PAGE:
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Some Non-Covid Links

Uber and other ride-sharing services save thousands of lives. Brad Polumbo reports. A slice:

A study by two economists at the University of California, Berkeley examined the impact that Uber, specifically, has had on alcohol-related traffic deaths and total traffic deaths in the US. They sought to investigate a simple question. By providing people with a safe, convenient, and relatively inexpensive alternative means of transportation, would Uber reduce drunk driving and traffic deaths?

According to their findings, the answer is a resounding yes.

Uber has reduced alcohol-related traffic fatalities by 6.1 percent, the study finds, which equates to roughly 214 lives in 2019. Similarly, Uber reduced overall traffic deaths by 4 percent, likely by reducing other forms of dangerous driving such as driving while very tired. This equates to 494 lives saved in 2019. (And that’s just Uber: To understand the full life-saving impact of ride-sharing technology, we would have to factor in competitors like Lyft, too).

Arnold Kling explains that if rental contracts are ethical, then eviction moratoria are not. A slice:

Suppose that we think that renters and mortgage borrowers are deserving of charity because of the pandemic. The government chose to approach this by breaking their contracts. In effect, government took resources from landlords and mortgage lenders in order to provide charity to renters and mortgage borrowers.

Unlike many other people, I find this approach for providing charity deeply offensive. If the government wants to raise the income tax and use that money to subsidize renters and mortgage borrowers, then that seems to me more ethical than to single out landlords and mortgage lenders to provide this charity.

Jack Elbaum corrects some misinformation and economic ignorance spread by Ro Khanna. A slice:

And income has actually risen even more than that due to non-wage compensation taking up a larger portion of total compensation over time. The New York Times reported that non-wage compensation accounted for 32 percent of total earnings in 2018, up from 27 percent in 2000. Non-wage compensation includes “bonuses, paid leave and company contributions to insurance and retirement plans.”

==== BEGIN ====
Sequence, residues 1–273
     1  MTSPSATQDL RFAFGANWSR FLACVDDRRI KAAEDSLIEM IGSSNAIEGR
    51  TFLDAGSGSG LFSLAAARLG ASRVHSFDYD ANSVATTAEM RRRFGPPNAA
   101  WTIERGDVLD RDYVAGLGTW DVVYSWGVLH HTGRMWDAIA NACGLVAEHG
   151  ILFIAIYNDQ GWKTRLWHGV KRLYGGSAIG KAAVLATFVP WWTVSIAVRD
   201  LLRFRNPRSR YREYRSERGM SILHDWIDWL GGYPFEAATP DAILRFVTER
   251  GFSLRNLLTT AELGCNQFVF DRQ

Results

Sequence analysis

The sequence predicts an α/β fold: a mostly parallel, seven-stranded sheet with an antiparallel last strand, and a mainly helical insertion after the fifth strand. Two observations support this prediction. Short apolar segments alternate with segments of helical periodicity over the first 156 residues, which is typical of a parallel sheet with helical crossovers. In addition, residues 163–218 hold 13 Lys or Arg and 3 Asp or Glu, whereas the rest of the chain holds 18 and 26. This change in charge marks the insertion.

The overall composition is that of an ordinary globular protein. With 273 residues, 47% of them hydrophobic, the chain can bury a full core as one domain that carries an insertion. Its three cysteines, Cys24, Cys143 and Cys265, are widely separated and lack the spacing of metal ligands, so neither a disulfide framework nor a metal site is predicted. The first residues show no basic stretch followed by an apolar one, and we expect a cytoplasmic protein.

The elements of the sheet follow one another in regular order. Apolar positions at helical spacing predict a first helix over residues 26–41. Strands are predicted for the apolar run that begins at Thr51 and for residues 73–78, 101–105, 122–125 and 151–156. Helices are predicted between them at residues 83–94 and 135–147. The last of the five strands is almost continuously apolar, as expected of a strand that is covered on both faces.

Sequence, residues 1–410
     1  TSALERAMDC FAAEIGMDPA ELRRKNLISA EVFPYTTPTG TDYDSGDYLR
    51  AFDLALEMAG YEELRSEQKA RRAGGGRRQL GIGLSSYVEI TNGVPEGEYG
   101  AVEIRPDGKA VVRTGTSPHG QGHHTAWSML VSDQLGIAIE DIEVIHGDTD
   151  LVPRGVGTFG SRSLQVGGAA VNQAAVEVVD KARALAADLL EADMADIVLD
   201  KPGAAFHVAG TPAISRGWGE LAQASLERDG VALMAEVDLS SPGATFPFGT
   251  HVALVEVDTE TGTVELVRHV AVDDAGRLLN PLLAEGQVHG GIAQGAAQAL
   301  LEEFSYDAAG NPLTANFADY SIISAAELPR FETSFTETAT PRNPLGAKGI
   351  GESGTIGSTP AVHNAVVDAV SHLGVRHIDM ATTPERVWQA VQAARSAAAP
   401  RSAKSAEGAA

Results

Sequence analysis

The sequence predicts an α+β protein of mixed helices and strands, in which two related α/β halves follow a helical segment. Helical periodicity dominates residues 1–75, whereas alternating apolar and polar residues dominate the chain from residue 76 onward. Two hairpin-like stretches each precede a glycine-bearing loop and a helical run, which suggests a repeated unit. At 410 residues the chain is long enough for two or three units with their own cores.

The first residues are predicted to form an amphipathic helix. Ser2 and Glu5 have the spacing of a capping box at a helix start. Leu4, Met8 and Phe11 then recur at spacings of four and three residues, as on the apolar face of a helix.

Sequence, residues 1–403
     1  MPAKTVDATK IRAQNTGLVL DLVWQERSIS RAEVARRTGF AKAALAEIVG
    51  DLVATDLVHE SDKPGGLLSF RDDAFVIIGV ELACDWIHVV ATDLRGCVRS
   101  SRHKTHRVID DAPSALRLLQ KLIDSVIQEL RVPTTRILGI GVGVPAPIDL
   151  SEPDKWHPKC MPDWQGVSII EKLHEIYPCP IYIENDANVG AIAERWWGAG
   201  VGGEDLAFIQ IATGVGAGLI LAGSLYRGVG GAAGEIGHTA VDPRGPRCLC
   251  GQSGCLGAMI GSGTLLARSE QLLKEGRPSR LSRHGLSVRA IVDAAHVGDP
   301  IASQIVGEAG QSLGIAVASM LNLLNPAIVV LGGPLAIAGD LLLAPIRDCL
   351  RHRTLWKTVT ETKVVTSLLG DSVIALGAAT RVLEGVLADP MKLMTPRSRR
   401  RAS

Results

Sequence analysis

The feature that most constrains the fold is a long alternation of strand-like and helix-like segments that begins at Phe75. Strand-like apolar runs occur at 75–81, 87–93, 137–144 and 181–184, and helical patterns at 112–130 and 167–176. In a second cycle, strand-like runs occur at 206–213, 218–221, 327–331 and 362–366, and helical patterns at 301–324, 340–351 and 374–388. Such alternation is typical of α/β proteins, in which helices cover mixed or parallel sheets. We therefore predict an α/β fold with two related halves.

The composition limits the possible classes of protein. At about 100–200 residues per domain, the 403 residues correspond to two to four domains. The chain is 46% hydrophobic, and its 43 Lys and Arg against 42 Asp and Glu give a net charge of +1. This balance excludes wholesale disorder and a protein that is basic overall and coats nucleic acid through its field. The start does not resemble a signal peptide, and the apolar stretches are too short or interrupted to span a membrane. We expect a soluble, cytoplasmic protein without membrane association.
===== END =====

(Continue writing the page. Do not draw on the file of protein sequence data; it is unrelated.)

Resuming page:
Richard Ebeling writes about the insufficiently remembered British economist Edwin Cannan. A slice:

What stands out in Edwin Cannan’s writings is a simplicity and clarity in explaining the “miracle” of the market in a world-encompassing division of labor that connects multitudes of people for mutual improvement and peaceful cultural gains. His style, therefore, makes his volume, Wealth, for instance, an entertaining pleasure to read as he takes the reader through the various facets of the working and elements of the market order. While he did not presume to assign to the state only a minimalist place in society, he emphasized the power and productivity of free and creative initiative and incentive that comes only when people have a wide latitude of economic liberty.

As explained by Eric Boehm, Congress is doubling-down on a costly failure.

Cato’s Chris Edwards summarizes the “infrastructure” bill.

George Leef adds to my criticism of the use of the concept of the “diminishing marginal utility of money” as a justification for income ‘redistribution.

To mark the 187th anniversary of the birth of John Venn, GMU Econ alum Mark Perry reprises 20 of his famous Venn diagrams.

George Will rightly decries the rejection of meritocracy. Two slices:

This cultural moment is defined by the peculiar idea that America has such a surplus of excellence, it can dispense with something that should be rejected as inequitable — rigorous competition to identify merit. Progressives are recoiling from the idea that propelled humanity’s ascent to modernity: the principle that people are individuals first and primarily, so individual rights should supplant rights attached to group membership.

Progressives’ unease with society measuring merit when allocating opportunity and rewards is discordant with the nation’s premises. And rejecting meritocracy at a time when China — the United States’ strongest geopolitical rival ever — is intensifying its embrace of it is “an act of civilisational suicide,” Adrian Wooldridge warns.
Some progressives, who are more interested in minimizing inequality than maximizing opportunity, insist that not even industriousness makes an individual deserving because it is an inherited trait. However, less loopy progressives rightly warn that there can be inherited hierarchies in meritocratic societies. America does fall short of Thomas Jefferson’s hope for “culling” talent “from every condition of our people.” SAT prep classes are not models of social diversity; parents are conscientious (this is not a vice) about transmitting family advantages to their children.

The answer, however, is to improve the culling, not to jettison the aspiration on the ground that all metrics of merit must be unfair. A first step would be to rescue children from uneducated educators of the sort who natter about “racist” arithmetic and the “myth” that some students are more arithmetically gifted than others

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